According to the Annual Wisconsin Birth and Infant Death Report: “The death rate for infants born to black mothers is the highest in the nation and getting worse.” Participants in this workshop will gain perspective on how implicit bias is influencing an upward trend in infant deaths for American Indian, black and other Asian or Pacific Islander mothers indicating growing racial and ethnic disparities.
Facilitated community discussion held during lunch period.
Once you know Asian stereotypes, you can avoid perpetuating them, stop prejudicial behaviors and bias statements and ultimately stop implicit bias.
Madison Street Boutique open for business during this time.
Andrea Huggenvik | Social Justice Specialist, YWCA Green Bay
DJ Daniels | Talent Acquisition & Global Mobility, Schreiber Foods
Jenni Oliver | Director, The Privilege Institute
Renita Robinson, MEd, MS, ABD | CEO, YWCA Greater Green
This facilitated panel discussion will include individuals from several industries sharing experiences and practical strategies for eliminating bias in the hiring process.
BONUS Pre-recorded Online Sessions - Sent to Paid Participants at the Beginning of the Conference
Participants in this workshop will be exposed to effective tools for dismantling bias in communication from the wisdom, and patience of a first nations’ midwife (whose commitment to change at the personal and professional level has been forged through decades of reflection and engagement).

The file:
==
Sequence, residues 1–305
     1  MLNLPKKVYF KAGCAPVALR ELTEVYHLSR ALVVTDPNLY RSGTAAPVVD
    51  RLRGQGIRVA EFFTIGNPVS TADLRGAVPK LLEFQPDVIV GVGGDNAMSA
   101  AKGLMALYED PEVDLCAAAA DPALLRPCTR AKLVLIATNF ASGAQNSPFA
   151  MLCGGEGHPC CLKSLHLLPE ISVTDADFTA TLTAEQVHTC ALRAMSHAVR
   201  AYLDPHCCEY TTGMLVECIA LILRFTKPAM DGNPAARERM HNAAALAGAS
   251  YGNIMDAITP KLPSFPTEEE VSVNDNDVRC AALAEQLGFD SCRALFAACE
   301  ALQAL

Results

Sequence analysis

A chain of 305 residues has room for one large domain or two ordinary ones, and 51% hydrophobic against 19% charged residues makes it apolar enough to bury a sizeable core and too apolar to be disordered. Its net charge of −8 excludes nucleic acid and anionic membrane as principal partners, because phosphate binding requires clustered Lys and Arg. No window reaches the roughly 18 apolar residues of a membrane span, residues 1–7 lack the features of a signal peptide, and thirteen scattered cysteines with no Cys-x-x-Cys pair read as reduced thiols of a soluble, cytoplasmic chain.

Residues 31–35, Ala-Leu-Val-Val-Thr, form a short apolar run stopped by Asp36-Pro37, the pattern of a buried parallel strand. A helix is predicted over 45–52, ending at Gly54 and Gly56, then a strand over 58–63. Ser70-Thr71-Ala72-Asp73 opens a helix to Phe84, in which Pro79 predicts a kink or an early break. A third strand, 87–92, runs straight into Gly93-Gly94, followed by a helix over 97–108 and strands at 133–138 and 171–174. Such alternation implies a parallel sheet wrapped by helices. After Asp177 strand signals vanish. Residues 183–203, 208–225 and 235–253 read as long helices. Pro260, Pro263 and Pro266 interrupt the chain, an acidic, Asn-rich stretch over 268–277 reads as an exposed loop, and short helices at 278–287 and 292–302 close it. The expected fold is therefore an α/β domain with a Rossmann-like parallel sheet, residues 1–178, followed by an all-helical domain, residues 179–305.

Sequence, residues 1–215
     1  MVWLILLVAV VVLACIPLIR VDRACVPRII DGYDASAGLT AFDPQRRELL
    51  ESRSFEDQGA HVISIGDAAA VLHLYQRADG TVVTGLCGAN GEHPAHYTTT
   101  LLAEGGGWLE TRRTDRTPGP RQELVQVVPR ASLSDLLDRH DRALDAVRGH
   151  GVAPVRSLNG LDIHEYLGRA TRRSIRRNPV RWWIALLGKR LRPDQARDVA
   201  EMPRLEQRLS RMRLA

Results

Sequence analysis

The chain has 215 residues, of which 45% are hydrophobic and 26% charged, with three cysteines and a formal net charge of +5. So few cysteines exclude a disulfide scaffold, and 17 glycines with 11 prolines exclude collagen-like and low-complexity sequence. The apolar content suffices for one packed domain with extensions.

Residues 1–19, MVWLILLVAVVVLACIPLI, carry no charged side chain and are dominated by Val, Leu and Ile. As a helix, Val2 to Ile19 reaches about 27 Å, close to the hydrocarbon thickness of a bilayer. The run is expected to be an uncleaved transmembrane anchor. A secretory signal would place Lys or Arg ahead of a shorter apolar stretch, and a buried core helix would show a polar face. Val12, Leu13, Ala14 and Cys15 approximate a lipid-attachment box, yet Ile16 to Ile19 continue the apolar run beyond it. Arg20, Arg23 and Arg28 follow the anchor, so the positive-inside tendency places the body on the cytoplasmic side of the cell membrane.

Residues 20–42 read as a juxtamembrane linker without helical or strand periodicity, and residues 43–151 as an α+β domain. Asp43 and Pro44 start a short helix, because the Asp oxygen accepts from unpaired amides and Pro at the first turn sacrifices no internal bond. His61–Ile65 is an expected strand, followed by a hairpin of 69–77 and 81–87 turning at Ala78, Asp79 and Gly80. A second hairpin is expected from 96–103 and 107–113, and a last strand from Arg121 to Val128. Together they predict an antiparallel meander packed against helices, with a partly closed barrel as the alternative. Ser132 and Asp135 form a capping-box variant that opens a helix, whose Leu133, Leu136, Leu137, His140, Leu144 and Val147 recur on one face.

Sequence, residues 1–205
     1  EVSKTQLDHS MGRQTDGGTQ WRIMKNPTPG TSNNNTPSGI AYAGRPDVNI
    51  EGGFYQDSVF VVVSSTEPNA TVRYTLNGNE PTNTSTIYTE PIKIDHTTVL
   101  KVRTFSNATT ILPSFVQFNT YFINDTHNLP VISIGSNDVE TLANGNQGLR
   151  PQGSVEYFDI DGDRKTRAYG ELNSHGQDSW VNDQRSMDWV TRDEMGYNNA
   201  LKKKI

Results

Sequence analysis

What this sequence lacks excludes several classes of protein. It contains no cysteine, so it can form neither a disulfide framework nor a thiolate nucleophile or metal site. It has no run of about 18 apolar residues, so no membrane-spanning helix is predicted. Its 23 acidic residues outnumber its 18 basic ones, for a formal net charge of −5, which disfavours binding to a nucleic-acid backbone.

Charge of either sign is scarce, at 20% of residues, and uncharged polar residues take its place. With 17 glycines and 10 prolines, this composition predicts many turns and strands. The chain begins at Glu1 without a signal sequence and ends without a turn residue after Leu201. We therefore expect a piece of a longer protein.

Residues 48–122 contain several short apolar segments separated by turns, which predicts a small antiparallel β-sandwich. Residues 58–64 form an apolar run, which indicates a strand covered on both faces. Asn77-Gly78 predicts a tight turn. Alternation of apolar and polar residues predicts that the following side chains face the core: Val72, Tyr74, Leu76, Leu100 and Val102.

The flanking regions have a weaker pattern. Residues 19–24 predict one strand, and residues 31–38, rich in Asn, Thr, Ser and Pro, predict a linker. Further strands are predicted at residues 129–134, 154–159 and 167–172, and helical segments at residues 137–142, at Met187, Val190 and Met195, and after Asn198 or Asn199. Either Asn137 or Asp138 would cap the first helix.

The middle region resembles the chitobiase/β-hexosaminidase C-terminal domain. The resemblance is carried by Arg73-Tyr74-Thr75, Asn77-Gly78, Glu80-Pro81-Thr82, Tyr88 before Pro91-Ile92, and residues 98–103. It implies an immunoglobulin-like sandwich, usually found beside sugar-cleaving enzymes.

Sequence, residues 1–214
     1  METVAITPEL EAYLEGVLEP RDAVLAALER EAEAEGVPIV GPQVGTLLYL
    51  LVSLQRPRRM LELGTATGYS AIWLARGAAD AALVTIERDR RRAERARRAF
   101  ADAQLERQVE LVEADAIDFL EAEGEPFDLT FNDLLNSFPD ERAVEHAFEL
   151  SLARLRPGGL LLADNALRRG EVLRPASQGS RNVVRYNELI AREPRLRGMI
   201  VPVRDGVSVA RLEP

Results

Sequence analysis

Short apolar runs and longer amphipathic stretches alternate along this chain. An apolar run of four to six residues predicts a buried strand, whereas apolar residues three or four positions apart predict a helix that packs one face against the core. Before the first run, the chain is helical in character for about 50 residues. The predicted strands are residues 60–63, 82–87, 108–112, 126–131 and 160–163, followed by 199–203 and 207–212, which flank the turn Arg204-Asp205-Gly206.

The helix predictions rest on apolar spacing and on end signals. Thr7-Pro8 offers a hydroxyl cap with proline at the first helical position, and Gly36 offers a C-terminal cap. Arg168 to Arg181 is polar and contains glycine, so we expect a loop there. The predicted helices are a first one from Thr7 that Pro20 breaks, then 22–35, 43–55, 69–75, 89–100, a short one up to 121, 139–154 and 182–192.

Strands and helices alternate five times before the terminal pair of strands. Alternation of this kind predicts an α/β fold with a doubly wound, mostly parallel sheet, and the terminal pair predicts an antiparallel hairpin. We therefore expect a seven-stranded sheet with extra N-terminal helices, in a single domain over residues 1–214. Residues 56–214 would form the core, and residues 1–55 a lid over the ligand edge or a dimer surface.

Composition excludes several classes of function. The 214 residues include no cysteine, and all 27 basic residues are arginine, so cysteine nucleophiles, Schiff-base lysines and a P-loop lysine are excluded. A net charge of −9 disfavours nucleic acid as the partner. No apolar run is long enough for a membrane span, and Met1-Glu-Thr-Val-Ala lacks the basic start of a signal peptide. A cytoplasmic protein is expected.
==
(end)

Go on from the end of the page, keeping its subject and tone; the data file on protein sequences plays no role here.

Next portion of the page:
This introspective workshop is a demonstration of the principle “to whom much is given, much is required.” It details the journey of an MD, PhD through educational attainment, school board presidency and personal experiences learning the costs, benefits, privileges and responsibilities associated with being white, educated and female in a big-small conservative community.
Participants in this workshop will be presented with information on how implicit bias shows up in the form of discriminatory practices that hurt, instead of help, seekers of supportive services. Real stories from members of our community will be shared and discussed.
Participants in this workshop will learn about how implicit bias creates a barrier to receiving services for victims of sexual violence and human trafficking. Workshop content will explore the role of human trafficking in relation to oppression and what aspects contribute to vulnerabilities and how to empower resilience across different communities. More specifically, participants will learn about sex trafficking misconceptions and trauma informed recommended practices to better interact with survivors of trauma.
About the Workshop Presenters
Huelmely De Jesus received her Bachelor of Arts degree from University of Wisconsin – Milwaukee where she studied the relationships between the fields of Urban Studies and Political Science with a concentration in public policy and urban planning. Her experience derives from working with different organizations that serve survivors of abuse, individuals in the youth justice system, advocating for sexual assault and human trafficking survivors throughout the state. She is passionate about the power of education, creating spaces, and promoting introspective learning.